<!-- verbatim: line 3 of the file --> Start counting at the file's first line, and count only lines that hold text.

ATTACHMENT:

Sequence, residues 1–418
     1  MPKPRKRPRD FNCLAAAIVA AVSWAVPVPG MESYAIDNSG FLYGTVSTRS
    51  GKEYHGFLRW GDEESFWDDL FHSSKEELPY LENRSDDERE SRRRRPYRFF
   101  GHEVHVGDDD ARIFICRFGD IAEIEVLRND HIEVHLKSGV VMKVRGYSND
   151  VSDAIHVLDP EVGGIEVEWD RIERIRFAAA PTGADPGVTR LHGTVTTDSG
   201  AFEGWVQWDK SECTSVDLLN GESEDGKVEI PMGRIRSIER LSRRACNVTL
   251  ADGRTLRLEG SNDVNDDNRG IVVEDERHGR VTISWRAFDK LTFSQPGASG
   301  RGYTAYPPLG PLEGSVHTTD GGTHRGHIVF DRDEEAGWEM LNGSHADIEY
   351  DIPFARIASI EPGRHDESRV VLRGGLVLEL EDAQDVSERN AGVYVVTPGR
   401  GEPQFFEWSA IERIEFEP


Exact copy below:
    51  GKEYHGFLRW GDEESFWDDL FHSSKEELPY LENRSDDERE SRRRRPYRFF